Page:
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Stroke

Stroke

Stroke is the leading cause of adult disability in the United States. A stroke occurs every 40 seconds, and over 800,000 people experience a new or recurrent stroke every year. While some people will recover completely, more than ⅔ will have some sort of lasting disability.

What is a stroke?

A stroke occurs when blood flow to a particular part of the brain is cut off. The lack of blood deprives the brain of oxygen, causing cells to die. When brain cells die, the abilities controlled by that part of the brain are lost. Therefore, the location and amount of brain damage determine how the person is affected long-term.

There are two different types of strokes. They are:

  • Ischemic – This type occurs when a blood vessel in the brain becomes blocked. There are also transient ischemic strokes (TIAs) that occur when blood flow to the brain stops for a short period of time.
  • Hemorrhagic – This type occurs when an aneurysm bursts or blood vessel leaks. This type is less common, but can have more catastrophic effects.

What are the symptoms of a stroke?

It is important to act quickly if you or someone you love may be having a stroke. Call 9-1-1 if you recognize stroke symptoms. Look for the following:

  • Sudden numbness or weakness of face, arm, or leg, particularly on one side of the body
  • Unusual and sudden confusion, trouble understanding, or difficulty speaking
  • Quick onset of difficulty seeing in one or both eyes
  • Sudden trouble walking, difficulty with balance or coordination, or dizziness
  • Severe headache with sudden onset and no known cause

What causes a stroke?

Certain factors increase risk, including increased age and family history of stroke. The good news is that there are several lifestyle factors you can affect to decrease your risk. They include:

  • High blood pressure is a major risk factor for stroke. Work with your doctor to determine the best treatment plan if you suffer from high blood pressure (also known as hypertension.)
  • Smoking doubles the risk of stroke because it damages blood vessels. Find a way to quit for the sake of your health.
  • Obesity stresses the circulatory system, which can increase the chance of having a stroke. People who are obese also tend to have higher cholesterol levels, higher blood pressure, and increased risk of diabetes. All of these are risk factors that increase the chance of stroke.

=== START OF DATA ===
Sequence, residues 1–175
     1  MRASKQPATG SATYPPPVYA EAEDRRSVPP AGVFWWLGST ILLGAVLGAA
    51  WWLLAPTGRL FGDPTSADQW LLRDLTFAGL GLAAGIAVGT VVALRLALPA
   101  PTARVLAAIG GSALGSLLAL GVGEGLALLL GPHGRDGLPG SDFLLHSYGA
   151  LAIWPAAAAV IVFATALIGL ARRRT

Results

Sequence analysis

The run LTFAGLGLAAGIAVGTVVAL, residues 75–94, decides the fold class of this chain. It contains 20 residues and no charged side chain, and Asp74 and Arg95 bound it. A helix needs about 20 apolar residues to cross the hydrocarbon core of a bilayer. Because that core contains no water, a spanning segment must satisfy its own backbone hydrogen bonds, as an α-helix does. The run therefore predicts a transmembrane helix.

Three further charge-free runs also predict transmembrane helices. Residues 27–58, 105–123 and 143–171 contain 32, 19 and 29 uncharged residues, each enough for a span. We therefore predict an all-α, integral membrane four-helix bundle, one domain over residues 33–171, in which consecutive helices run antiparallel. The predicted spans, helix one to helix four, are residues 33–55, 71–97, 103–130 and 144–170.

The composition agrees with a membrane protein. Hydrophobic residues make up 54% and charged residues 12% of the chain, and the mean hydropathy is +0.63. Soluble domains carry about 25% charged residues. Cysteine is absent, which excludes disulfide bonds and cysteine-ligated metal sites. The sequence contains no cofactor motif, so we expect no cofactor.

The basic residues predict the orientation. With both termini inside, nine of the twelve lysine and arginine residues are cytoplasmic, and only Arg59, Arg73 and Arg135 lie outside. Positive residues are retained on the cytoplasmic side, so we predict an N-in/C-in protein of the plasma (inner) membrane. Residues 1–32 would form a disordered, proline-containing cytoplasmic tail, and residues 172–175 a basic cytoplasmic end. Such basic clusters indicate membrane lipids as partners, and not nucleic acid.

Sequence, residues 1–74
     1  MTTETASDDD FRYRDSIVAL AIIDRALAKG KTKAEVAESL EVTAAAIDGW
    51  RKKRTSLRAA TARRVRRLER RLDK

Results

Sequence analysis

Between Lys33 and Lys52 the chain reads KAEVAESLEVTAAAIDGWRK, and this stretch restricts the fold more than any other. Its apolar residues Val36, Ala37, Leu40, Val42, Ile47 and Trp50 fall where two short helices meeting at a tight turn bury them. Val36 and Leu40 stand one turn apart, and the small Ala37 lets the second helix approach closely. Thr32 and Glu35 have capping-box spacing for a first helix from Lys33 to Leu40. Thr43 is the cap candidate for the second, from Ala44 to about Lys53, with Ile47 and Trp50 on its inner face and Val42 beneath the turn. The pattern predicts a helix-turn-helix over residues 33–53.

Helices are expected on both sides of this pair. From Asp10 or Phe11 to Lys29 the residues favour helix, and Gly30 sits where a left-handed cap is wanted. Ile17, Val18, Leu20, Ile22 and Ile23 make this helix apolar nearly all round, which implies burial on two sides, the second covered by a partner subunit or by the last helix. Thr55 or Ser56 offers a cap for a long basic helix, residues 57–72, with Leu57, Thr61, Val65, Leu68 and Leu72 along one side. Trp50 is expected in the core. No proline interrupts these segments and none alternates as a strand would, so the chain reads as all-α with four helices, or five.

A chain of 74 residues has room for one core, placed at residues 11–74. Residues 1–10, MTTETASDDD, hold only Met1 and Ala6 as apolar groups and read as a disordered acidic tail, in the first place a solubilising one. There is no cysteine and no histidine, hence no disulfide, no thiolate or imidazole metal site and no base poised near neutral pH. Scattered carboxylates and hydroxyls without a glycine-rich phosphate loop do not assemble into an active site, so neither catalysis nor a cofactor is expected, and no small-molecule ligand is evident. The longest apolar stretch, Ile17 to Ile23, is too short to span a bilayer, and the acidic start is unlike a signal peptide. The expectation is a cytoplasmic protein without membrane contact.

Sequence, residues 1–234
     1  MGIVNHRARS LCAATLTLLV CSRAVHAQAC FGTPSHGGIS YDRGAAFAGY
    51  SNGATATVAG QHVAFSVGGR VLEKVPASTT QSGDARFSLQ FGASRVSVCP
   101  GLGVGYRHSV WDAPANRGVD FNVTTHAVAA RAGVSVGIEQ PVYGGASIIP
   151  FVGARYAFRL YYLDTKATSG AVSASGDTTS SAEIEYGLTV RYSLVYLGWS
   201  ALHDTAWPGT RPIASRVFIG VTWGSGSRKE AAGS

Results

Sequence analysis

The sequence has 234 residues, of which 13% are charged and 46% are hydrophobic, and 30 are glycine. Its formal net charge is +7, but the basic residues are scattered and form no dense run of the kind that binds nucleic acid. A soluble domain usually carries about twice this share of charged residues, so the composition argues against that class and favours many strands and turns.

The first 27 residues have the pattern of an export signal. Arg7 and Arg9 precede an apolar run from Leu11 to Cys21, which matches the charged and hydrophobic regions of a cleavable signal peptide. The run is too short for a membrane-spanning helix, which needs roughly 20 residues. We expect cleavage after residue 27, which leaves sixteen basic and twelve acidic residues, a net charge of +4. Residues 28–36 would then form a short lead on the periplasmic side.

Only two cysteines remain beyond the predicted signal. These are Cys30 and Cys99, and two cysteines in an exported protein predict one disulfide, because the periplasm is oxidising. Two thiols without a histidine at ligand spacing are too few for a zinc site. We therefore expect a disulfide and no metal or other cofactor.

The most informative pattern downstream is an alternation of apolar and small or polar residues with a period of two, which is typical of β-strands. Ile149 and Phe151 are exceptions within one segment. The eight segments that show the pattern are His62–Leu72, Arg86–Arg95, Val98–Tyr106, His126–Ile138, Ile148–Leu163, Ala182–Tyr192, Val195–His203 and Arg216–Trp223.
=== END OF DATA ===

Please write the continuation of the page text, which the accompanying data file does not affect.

• Diabetes increases the risk of stroke by up to four times, mostly because people with diabetes have other health problems that increase the risk of stroke.
  • Alcohol use has been linked to an increased stroke risk in many studies.
  • High cholesterol can clog arteries and lead to a stroke.
  • Atherosclerosis is the buildup of plaque or fatty deposits on artery walls. This buildup can block blood flow and lead to a stroke.

What happens after a stroke?

Medical professionals will determine the best emergency care for someone who experiences a stroke. Afterward, recovery is a lifelong process. Rehabilitation usually begins before leaving the hospital. The goal is to improve function and learn new ways to do any activities that may have become difficult.

In the event of a severe stroke, long term therapy may be needed. A community with assisted living and skilled nursing support that provides therapy services on site can offer peace of mind. At Parc Provence, our skilled therapists work with our resident’s medical team to implement the best possible plan for care. With our caring staff supporting every daily need, each resident is able to focus on recovery while we take care of life’s details.

Learn more

If you or a loved one has suffered a severe or debilitating stroke, consider assisted living with specialized care at Parc Provence. We have the experience and understanding that only comes from over a decade of leading the way in memory and rehabilitative care. Let us show you how our unique environment and programs help our residents and their families get the most out of life. Contact Parc Provence today. Because every moment matters.